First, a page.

Becoming a resident at a hospital is something you have been working towards for years. Now you have successfully got through medical school, it is time to start preparing for your residency on the horizon!
According to the American College of Physicians, undertaking a residency can be an intense learning experience. This is especially true for first-year residents, who need to pick up on and perfect new clinical skills quickly. Here are some tips to keep in mind to make sure your transition to residency is a smooth one!
- Pick somewhere to live in close proximity to the hospital. As a first-year resident, you will likely have lots on your mind. As much as you will be enjoying your medical work, there will likely be times when you feel the stress. It is a good idea to find somewhere close to the hospital to live so that you can minimize any stresses related to commuting.
- Set expectations for your family and friends. Since becoming a resident is an immersive experience, you are likely to have much less free time than you had before. Make sure your family and friends understand that your availability will be impacted by your new role.
- Make personal wellness a priority. Similarly to the point above, you need to place lots of focus on keeping yourself healthy both physically and mentally. Carve some time out for activities that relax you such as reading or jogging. Also, take advantage of any intern support groups you might find! These are great for making friends with other new interns and give you a chance to talk about your feelings with people going through similar situations. Make yourself known to the senior physician and program director - they can mentor you as of when you need it.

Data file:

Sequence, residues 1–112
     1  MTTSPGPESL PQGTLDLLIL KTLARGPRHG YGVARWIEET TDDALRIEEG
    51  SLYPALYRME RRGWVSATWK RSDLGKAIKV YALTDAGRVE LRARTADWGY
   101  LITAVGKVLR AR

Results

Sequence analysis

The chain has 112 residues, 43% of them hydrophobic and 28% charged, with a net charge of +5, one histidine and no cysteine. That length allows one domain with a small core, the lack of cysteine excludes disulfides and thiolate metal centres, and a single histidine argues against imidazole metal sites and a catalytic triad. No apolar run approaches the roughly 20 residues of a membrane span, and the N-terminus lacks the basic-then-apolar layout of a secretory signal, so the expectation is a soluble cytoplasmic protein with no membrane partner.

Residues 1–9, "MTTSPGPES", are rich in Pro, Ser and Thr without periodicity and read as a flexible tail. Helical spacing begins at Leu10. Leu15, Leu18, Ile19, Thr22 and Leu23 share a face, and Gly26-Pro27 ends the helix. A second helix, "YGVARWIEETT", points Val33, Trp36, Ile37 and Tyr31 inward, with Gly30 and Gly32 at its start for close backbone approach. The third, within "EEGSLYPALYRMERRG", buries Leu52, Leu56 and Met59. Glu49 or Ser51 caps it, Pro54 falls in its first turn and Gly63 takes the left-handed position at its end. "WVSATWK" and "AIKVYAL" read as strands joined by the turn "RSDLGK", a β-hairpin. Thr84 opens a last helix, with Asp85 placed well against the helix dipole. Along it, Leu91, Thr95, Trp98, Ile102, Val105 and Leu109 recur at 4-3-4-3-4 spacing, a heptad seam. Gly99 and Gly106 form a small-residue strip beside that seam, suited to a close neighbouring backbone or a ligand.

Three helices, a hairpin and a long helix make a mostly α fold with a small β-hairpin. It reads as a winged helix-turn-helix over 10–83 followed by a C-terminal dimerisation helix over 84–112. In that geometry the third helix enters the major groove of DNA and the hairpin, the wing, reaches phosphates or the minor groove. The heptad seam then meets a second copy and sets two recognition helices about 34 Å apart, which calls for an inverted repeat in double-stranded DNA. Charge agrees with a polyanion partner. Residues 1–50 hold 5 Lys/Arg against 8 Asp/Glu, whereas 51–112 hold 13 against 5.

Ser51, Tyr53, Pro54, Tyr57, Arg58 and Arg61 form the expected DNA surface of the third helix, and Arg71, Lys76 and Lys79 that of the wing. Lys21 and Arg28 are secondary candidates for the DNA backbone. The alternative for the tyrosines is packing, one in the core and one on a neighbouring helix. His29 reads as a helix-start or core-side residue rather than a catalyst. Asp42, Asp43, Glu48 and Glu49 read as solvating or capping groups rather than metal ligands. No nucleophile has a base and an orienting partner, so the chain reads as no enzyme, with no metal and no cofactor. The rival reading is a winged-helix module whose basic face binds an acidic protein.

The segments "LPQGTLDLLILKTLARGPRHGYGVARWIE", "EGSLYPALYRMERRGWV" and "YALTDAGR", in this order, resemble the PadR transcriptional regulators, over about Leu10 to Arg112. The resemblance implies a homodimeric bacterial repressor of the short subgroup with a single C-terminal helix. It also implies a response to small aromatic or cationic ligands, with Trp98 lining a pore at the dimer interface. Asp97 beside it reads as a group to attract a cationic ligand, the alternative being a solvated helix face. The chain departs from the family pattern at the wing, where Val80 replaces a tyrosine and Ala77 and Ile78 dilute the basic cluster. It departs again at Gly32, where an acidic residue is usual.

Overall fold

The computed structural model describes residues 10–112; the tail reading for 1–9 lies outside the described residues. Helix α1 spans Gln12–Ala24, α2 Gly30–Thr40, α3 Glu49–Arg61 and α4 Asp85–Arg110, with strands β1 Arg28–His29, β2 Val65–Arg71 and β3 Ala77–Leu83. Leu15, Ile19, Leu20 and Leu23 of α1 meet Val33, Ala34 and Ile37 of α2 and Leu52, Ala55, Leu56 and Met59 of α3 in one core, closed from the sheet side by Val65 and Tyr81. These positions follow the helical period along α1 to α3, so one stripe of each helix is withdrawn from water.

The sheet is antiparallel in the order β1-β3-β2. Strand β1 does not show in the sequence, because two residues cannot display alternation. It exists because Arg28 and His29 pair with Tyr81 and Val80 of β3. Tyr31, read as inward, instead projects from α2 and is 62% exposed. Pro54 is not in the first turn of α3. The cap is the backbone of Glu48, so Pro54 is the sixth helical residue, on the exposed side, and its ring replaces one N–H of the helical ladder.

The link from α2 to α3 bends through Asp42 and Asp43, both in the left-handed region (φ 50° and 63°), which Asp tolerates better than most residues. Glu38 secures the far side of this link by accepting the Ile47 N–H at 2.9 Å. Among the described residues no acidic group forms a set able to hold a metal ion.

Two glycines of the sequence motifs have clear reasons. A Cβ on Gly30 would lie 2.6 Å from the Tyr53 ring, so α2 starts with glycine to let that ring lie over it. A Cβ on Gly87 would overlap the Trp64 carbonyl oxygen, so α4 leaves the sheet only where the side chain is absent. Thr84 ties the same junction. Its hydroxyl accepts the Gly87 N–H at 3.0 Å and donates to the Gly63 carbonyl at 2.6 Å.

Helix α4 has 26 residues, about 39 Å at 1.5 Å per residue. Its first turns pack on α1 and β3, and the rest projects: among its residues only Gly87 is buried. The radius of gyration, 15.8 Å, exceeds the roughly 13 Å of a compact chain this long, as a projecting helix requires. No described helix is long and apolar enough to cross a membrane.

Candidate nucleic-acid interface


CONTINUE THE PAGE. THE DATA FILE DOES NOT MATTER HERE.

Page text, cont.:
- Time to upgrade your equipment! Now you will become a full-time resident, this is a great chance to upgrade from your training equipment. Consider investing in higher-quality diagnostic sets and stethoscopes. You can’t go wrong with a Littmann stethoscope!
- Refresh your knowledge. Sure, you might feel ready to jump in and participate in your residency program. However, it won’t hurt to top up your knowledge and go over your notes before getting started. If anything, a quick review of your textbooks will give you a confidence boost before joining your new hospital!
- File your articles for quick access. Since you will be pressed for time after starting your residency, any information you need should be easily accessible. Instead of trawling the internet or your files for specific information about a particular disease, make it easy to find by categorizing all your articles by disease.